Wheel building is booming, though it’s rare to see evidence in the cycling press. I’d call it a work in progress, rather like craft brewing back in the day. Pioneers were scrappy and uncertain. When they first appeared, the big brewers knew it would be sporadic and limited (college towns, resorts). They actually got murdered over several decades and now craft brewing carries a large percentage of that market. This seems to be happening with wheel building.
Today most small builders are in likely cities (Portland, SF, Seattle, Boulder, LA…) but their global rise (UK, AU, NZ, EU…) shows it’s not a local trend. Your area may be barren but many successful builders are elsewhere. Check these, among hundreds more:
- Magnetic Wheel Co. (Portland)
- Monument Wheel Works (Seattle)
- Diablo Wheel Works (Pacific Palisades, CA)
- Ergott Wheels (Islip, NY)
- Joe Young Wheels (Granbury, TX)
- Noble Wheels (London)
- Wheel Tec (Alkmaar, NL)
- Melody Wheels (O’Connor, AU)
Not personal recommendations (but all excellent). The more you look, the more you’ll find.
If you are contemplating getting underway I recommend exploring two questions.
Where Am I?
You may plan a strong web presence but your immediate scene is your most important asset. Local riding is a key element in your opportunity.
Put aside personal preferences and experience because, as a wheel builder, you should welcome, understand, and whisper to all forms of wheels. Can’t do too much research and preparation to cultivate your local community.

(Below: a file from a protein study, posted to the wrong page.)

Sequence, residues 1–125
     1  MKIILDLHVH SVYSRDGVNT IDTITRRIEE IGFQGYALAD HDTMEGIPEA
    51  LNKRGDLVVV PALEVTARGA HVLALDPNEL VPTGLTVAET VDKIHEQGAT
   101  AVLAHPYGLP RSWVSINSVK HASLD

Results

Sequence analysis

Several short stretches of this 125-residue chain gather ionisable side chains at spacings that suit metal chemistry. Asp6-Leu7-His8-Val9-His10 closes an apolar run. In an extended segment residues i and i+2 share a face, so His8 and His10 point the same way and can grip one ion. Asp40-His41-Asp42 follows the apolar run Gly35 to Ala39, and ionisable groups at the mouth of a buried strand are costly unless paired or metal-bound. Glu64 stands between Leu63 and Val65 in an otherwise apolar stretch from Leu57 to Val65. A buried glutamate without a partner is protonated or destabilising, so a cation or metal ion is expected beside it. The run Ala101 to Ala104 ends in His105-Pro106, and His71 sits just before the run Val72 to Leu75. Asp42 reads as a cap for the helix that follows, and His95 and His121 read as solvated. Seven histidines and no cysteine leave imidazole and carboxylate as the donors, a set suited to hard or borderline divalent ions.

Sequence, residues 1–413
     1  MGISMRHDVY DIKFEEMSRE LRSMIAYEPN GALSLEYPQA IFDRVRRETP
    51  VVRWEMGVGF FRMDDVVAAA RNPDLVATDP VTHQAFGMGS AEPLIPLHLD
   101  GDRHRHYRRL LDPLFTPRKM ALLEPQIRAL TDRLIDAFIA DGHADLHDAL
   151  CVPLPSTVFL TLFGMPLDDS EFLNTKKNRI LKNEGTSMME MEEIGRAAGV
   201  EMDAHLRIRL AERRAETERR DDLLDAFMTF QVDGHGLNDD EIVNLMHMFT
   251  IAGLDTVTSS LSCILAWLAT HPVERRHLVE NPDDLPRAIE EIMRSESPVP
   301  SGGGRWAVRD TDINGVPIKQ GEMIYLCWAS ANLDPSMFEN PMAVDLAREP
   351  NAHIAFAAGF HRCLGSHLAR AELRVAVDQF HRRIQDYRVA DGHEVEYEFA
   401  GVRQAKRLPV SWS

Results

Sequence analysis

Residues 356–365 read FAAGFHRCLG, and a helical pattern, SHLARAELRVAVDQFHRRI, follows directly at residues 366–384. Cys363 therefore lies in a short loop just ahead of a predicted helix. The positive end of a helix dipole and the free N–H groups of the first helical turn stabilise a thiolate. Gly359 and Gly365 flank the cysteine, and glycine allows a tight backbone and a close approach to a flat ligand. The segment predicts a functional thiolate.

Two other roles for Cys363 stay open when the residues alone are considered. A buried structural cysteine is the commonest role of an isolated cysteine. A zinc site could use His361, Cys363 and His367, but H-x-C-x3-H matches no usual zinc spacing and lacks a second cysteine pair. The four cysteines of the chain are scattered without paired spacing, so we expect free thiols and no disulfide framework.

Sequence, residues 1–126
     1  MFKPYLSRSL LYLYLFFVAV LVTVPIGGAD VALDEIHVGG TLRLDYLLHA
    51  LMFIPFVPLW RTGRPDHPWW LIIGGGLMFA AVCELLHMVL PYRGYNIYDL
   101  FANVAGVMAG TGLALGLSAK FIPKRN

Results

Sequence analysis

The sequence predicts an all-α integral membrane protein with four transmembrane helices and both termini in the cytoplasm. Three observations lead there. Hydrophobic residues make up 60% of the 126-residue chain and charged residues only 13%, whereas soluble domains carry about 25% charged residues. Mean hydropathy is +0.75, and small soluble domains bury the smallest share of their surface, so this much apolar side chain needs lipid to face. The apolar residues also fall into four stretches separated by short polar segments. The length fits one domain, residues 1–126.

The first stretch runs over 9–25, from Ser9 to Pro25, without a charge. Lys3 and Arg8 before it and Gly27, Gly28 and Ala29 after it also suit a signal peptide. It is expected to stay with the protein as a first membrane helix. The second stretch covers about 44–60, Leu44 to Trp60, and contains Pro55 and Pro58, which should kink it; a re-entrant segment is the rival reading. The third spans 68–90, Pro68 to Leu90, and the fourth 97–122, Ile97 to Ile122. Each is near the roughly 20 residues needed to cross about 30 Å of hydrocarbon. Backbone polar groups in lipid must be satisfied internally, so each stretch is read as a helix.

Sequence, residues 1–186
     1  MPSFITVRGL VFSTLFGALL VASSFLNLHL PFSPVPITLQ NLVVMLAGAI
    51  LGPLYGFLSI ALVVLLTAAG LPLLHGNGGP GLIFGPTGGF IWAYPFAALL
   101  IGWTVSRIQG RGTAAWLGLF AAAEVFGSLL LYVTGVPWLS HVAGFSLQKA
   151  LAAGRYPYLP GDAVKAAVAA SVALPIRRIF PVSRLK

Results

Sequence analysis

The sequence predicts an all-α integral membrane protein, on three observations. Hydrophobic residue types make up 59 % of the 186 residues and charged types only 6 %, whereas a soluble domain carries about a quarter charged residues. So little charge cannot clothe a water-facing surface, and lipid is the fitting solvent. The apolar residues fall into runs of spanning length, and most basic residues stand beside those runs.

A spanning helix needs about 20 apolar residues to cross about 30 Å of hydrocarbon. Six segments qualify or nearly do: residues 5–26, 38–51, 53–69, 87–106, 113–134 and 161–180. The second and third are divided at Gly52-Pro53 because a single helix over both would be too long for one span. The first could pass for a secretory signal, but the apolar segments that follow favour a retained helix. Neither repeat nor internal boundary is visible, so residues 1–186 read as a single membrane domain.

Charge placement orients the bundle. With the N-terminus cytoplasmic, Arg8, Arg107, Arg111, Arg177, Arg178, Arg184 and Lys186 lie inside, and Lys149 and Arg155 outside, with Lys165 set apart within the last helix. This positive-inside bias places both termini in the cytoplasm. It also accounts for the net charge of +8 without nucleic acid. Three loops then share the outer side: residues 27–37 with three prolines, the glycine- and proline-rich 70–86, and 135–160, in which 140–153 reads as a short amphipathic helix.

Who Am I?
There are many types of builders. Wheel construction seems pretty straightforward but those who succeed do not share one approach. One science I hope, but not one style. Who are you? Understanding your style helps direct your effort and avoid confusion.
Handy with tools, good with gear, likes self sufficiency, finds building fairly easy, builds own and wheels for friends and family. Not so keen to make a simple task complicated or dramatic.
If you’re gregarious, wheel building can bring quite a range of human variety your way. Creating a business around the needs and exploits of riders is attractive to customers. You’ll want a welcoming workshop with plenty of ambiance and regular outreach.
Many an engineer type is drawn to building and customers, in turn, to them. Emphasizing tech with gauges and instruments, sharing spreadsheets and charts, teaching the “how” behind wheels can be a central theme if that is your drift. But it is not necessary to reek of tech. Performance minded customers need to trust but rarely require knowing all about the science.
Wheels are beautiful and there is room for plenty of self expression for a builder. The bar is very high for visual compatibility with the bike, high finish of components, and unity of design. Aesthetics are an ever changing scene, rules flex, styles evolve, and builders help drive change. We’ve all noticed what fixies combine on machines so basic they simply showcase wheels.
We are combinations of such types but discovering that inner builder is key to separating your offering from vague and mainstream options. Riders seek custom building for more than alleged benefits of value or performance. They want to deal with a real person, not just an “add to cart” button. There is no “better” style but the clearer yours, the greater authenticity you broadcast.
Authenticity attaches to wheels, gives them karmic power riders remember for years. Authenticity of our prized possessions adds meaning to our lives. That’s your ultimate product as a custom wheel builder.
Go for it and please share your experiences with others (and me :-)!